There are two things we diagnosed as problematic in the rubber sector in Myanmar. People don’t know about their rights and/or they are not confident enought do apply them to get their land titles or enforce their ownership once they have it . Secondly, if they get the propoer land titles, this still does not protect them from land grabbing by the government – a serious gap in legislation.

What I feel we came up with as a remedy would fit the category of ‘ready made solutions’: The activities focus on building the capacity of local community based organisations to train farmers, public officials and raise their awareness about land rights. What could we do instead? We need to find local partners who are ready and able to drive change in a politically smart and locally adapted way. Local partners are much better at this because they know the specific political reality of their village or township. So instead of approaching them with a plan that is done and tell them what doto do, they can help us deepen our diagnosis based on that knowlege and their continuous interaction with the local system. Continuous diagnosis is essential in order to be politically informed. Together with these partners, we can discover smart ways to make headway on the issues of land title provision and also on advocating for more smallholder-friendly land legislation. This can/should not be driven by our own ideology, but rather be genuinly informed by local political reality and hence inherently pragmatic.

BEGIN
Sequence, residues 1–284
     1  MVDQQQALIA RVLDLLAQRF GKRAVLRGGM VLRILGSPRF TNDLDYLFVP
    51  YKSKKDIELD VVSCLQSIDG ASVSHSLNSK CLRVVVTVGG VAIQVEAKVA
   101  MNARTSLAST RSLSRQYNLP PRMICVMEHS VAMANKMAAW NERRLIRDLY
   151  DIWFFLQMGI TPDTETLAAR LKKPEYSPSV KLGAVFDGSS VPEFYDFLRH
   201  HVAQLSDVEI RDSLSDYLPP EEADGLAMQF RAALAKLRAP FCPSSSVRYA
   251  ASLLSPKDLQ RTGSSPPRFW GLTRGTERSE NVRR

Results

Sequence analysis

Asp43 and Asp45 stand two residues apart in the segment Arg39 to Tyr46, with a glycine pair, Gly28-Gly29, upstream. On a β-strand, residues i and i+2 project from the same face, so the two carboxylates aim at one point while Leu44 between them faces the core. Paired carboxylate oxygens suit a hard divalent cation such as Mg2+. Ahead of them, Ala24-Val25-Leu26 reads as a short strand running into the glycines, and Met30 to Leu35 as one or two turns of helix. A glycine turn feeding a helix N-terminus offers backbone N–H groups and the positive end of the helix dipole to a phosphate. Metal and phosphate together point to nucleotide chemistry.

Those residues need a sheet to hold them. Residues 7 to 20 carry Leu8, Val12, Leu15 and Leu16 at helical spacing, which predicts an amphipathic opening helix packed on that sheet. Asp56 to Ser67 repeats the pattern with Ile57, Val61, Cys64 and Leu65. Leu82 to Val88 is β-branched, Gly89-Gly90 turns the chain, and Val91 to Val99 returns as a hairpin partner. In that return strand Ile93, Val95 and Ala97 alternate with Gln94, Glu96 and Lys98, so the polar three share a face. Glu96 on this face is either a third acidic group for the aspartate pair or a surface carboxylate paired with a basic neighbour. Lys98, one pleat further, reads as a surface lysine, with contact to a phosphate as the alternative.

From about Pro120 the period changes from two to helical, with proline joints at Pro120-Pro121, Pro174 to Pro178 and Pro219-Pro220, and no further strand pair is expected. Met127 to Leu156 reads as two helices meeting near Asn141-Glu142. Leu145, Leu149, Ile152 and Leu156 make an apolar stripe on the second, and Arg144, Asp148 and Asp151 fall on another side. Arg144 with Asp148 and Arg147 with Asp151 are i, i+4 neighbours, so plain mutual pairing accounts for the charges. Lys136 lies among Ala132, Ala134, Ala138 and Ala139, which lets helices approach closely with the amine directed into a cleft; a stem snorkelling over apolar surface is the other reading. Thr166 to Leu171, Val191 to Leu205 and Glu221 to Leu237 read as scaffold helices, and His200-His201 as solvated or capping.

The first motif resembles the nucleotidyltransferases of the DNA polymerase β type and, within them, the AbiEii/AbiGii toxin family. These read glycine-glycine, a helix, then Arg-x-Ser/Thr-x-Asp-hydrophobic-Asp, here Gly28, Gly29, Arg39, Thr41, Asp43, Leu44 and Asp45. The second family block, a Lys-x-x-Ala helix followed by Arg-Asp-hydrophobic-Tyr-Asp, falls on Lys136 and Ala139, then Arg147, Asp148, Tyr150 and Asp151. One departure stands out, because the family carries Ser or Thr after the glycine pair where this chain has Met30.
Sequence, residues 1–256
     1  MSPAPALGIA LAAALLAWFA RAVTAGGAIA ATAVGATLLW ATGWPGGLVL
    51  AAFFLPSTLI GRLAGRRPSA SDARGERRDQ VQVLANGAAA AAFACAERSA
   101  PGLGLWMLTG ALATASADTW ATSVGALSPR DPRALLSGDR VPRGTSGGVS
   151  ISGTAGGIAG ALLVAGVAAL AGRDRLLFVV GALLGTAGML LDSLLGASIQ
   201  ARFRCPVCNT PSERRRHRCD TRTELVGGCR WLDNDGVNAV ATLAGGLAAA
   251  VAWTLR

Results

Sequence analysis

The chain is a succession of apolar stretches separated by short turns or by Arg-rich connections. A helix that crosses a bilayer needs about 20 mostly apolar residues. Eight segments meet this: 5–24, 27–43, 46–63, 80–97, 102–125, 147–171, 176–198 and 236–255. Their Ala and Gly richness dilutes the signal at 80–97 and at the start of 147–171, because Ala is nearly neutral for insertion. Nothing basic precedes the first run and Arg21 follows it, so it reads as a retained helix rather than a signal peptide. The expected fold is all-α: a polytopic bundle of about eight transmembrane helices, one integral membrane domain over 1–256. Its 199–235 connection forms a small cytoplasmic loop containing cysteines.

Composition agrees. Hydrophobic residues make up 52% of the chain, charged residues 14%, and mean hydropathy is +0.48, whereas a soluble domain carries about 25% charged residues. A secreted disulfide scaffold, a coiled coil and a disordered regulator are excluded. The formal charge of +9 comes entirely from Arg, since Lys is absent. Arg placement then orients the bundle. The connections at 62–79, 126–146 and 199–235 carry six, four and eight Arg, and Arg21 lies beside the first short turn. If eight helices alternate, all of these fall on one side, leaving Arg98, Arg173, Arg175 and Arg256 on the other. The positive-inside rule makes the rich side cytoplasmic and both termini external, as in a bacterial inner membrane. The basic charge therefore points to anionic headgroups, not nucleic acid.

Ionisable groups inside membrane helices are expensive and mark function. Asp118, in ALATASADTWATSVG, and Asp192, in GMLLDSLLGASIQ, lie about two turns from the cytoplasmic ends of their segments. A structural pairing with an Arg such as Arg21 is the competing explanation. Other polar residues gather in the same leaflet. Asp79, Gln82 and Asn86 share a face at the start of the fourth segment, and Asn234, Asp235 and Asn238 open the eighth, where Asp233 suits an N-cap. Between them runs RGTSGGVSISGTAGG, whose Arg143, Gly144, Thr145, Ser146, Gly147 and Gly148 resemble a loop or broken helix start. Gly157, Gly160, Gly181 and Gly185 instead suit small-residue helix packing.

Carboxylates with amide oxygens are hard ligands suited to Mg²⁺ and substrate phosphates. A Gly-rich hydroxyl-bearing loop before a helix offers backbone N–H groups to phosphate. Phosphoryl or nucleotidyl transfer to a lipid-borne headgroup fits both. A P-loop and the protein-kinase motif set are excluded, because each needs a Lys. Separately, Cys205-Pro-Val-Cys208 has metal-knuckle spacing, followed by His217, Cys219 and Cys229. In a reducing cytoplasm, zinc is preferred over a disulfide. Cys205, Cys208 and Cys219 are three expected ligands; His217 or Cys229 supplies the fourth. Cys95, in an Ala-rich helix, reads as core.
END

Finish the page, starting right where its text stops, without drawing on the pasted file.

Take an adaptive and entrepreneurial approach

From the ODI report:

Because development problems are typically complex and processes of change are highly uncertain, it is essential to allow for cycles of doing, failing, adapting, learning and (eventually) getting better results. This requires strong feedback loops that test initial hypotheses and allow changes in the light of the result of those tests. 

Currently, we have a plan that covers all activities for the first 30 months of the project. Besides the need to develop the plan in a politically smart way adapted to local reality and not as a one-size-fits-all townships solution, we also need to be ready to adapt and be pragmatic with our interventions over time. The solution cannot be designed in advance and then implemented by the project. Being entrepreneurial and politically smart means that the aim of the project is to develop the solution together with local partners over time.